£150 idyllic house made from waste

Mr Buck and his Cob house - no power, water from stream
No electricity, water from stream
A British farmer has built a house for just £150.

Using an ancient building technique and materials he found in skips, Michael Buck, 59, built the ‘cob house’ at the bottom of his garden in the Oxfordshire countryside, reports the Daily Mail. Info on HOW to build a cob house at the end of this article.

‘The house is built from locally-sourced materials and apart from the glass they are biodegradable, said Michael. ‘With proper maintenance it could last forever but it would also naturally return to the Earth if it was left alone.
‘One day it will disappear back into the landscape – it would just be a mound of earth if it was left.There are also some personal touches – the names of everyone who helped in building the house are written on the wall.

‘It includes the names of three cows – Marigold, Crystal and Mist – who provided dung which helped to make the walls.’

The former art teacher, now a rural smallholder near Oxford, has started renting out the property and his current tenant – a worker on a neighbouring dairy farm – pays for her lodgings in milk.

The father-of-three also taught himself how to thatch in order to create the house’s intricate roof.

Although it has no electricity the cottage boasts free running water from a nearby spring and walls painted with a chalk and plant resin mixture.

It has a kitchen and dining area, along with a bunk-style bed to maximise space below.

Heat is provided by a wood-burning stove – and thanks to the cob walls and thatched roof the house is surprisingly well-insulated.
A shallow well outside the front door also acts as a primitive fridge to keep milk and other liquids cool.
The isolated retreat even has its own thatched outhouse complete with composting toilet.
Mr Buck, who spent two years gathering materials and constructing the house, said he wanted to challenge the notion that paying for a house should take a lifetime.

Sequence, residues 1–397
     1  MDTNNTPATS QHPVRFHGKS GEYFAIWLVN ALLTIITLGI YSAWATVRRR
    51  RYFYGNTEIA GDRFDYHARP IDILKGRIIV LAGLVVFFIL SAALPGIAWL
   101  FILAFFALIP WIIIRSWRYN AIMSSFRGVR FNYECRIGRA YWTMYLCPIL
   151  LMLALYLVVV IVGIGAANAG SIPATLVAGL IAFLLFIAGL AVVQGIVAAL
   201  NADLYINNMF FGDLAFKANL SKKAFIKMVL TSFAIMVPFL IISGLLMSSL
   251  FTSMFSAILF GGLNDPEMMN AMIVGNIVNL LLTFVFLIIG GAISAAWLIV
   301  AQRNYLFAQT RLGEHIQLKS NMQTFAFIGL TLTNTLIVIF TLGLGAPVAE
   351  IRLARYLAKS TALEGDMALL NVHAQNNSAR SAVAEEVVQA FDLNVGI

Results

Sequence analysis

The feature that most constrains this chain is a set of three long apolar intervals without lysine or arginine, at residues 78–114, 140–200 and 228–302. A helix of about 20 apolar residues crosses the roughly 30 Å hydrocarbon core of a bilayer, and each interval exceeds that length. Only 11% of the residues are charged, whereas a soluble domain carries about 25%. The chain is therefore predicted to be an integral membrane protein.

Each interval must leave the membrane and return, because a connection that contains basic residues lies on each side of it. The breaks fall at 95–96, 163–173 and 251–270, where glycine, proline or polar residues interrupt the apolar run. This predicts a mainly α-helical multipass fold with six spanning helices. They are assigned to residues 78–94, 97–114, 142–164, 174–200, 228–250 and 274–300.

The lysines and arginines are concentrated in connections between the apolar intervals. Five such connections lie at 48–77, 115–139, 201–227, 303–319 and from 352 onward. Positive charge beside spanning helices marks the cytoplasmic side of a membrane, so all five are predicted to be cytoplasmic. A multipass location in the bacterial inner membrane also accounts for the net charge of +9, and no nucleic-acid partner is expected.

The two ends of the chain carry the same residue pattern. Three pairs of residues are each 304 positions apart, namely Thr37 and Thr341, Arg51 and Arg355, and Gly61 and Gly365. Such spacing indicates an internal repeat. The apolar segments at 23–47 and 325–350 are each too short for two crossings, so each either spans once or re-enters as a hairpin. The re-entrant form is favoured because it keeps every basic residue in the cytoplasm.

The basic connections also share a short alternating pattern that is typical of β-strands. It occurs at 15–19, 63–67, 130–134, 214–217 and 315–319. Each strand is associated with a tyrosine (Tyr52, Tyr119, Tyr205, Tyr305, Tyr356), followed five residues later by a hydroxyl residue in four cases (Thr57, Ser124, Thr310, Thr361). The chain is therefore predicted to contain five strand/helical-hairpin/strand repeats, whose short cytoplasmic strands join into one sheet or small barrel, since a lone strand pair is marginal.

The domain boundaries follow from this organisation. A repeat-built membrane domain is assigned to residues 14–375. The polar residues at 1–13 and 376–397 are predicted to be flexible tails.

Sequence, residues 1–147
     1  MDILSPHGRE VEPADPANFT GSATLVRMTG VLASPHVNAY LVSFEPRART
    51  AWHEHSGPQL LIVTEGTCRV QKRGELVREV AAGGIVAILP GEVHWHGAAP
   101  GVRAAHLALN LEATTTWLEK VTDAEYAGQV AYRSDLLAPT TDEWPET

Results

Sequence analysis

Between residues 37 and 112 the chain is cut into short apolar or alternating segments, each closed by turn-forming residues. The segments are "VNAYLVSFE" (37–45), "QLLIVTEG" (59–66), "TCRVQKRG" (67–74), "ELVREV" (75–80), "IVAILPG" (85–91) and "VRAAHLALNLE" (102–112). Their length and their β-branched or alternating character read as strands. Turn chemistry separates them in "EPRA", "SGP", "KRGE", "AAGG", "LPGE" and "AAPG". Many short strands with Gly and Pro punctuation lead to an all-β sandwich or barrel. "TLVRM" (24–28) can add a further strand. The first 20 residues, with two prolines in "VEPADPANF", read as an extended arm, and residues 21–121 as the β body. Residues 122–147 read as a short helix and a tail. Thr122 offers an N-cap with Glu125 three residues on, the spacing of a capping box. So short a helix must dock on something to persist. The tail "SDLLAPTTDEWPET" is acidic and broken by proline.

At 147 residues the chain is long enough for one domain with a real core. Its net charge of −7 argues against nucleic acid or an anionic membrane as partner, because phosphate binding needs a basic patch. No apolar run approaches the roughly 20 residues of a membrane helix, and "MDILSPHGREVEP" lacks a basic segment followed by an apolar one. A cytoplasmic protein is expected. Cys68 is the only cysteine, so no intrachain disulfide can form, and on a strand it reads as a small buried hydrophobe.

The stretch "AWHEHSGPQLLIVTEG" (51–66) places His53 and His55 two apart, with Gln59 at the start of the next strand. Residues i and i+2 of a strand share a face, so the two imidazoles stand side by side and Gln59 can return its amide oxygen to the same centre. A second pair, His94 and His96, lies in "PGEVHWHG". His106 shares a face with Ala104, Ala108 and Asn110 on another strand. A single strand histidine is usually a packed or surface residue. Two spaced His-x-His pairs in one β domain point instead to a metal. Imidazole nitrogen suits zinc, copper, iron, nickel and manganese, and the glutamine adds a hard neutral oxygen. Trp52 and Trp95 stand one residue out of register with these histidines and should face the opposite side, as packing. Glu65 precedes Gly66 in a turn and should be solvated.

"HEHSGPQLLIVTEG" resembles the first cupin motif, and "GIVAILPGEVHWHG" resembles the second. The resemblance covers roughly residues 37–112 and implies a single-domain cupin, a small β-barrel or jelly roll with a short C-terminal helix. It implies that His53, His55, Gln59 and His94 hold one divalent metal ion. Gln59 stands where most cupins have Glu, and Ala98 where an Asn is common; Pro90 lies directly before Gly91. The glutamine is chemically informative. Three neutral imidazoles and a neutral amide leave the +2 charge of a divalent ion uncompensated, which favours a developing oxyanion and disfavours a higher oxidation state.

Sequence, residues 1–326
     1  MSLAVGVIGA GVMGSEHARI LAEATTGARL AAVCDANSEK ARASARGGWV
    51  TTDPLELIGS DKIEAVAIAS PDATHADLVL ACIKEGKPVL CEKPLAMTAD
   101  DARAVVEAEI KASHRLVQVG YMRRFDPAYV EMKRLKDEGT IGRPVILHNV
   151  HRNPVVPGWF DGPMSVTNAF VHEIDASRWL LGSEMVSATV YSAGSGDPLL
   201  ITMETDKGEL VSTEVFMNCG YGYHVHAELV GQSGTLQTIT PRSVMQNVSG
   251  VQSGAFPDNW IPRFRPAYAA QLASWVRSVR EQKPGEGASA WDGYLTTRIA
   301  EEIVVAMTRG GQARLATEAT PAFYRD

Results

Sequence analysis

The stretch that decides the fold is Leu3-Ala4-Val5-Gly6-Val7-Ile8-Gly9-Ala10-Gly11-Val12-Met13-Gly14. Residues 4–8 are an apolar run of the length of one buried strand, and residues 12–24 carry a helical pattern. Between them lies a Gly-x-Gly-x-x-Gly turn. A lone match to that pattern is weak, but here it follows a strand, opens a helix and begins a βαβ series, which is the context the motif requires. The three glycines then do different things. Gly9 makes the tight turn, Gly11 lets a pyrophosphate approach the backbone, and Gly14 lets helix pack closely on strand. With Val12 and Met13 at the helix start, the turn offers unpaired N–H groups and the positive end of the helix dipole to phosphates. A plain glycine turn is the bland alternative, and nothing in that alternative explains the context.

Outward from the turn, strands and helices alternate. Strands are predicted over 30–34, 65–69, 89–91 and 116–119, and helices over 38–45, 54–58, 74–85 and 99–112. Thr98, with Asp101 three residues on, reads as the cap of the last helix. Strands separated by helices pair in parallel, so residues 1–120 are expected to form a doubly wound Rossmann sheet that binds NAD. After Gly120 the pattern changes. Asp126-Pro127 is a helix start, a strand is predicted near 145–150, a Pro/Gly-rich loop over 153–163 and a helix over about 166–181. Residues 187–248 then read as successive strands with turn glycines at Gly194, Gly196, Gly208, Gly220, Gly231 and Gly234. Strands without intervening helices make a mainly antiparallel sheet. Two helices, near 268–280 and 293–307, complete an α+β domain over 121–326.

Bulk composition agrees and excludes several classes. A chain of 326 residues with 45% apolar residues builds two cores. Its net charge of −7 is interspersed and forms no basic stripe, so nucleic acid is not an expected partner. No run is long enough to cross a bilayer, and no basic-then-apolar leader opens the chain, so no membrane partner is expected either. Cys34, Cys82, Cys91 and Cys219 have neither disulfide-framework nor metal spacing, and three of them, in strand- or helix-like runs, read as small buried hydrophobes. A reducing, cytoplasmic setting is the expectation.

He said: ‘It was meant to cost nothing but some things went wrong so we ended up spending £150 on it.

‘If I were a property developer I’d have an infinity overspend because as a percentage of nothing, which was my target, £150 is quite a lot.
‘But I believe in the idea of houses not costing much.
‘A house does not have to cost the Earth – you only need earth to build it.
‘There’s this idea people have to spend their whole lives paying off their mortgage doing something they don’t enjoy which I wanted to challenge.
‘I also used mostly natural materials – I wanted the house to fit in with the landscape rather than intrude upon it.

There was a time when cob – a mix of straw, soil and water – was one of the most common building materials in the Westcountry. But these days, very few people have the knowledge and the skills to build with this most ancient of techniques.

Indeed, when Con expert Kevin McCabe built his first cob house, back in 1994, it was the Uk’s first to be constructed in this traditional way – using earth, sand, straw and water – for 70 years.

Since then, Kevin has built six cob houses, all of which have won awards. His latest cob house is almost finished and was featured on Channel 4 TV series Grand Designs. “They filmed with us for four years, from the beginning when we were trying to get planning permission for the house, right through all the construction,” says Kevin, who these days is renowned as a cob expert both for new homes and repairs to historic buildings.

Kevin’s latest house will appear on Grand Designs and is more of a cob castle than a cob house. It has 10,000 square feet of inside space and will meet the highest environmental performance targets ever set.

The new house is formed of two vast curved cob roundhouses, connected by glazing and topped with wild-flower meadow roofs. In all, it contains 2,000 tonnes of cob.

His current home is perched in fields on the scenic edge of Ottery St Mary in East Devon. Indeed, this house, too, has starred on television in its own right, featured in a show called (with tongue firmly in cheek): “I live in Britain’s best home”. Keppel Gate has been the family home for Rose, Kevin and their children Heather, Dale and Ben since Kevin built it.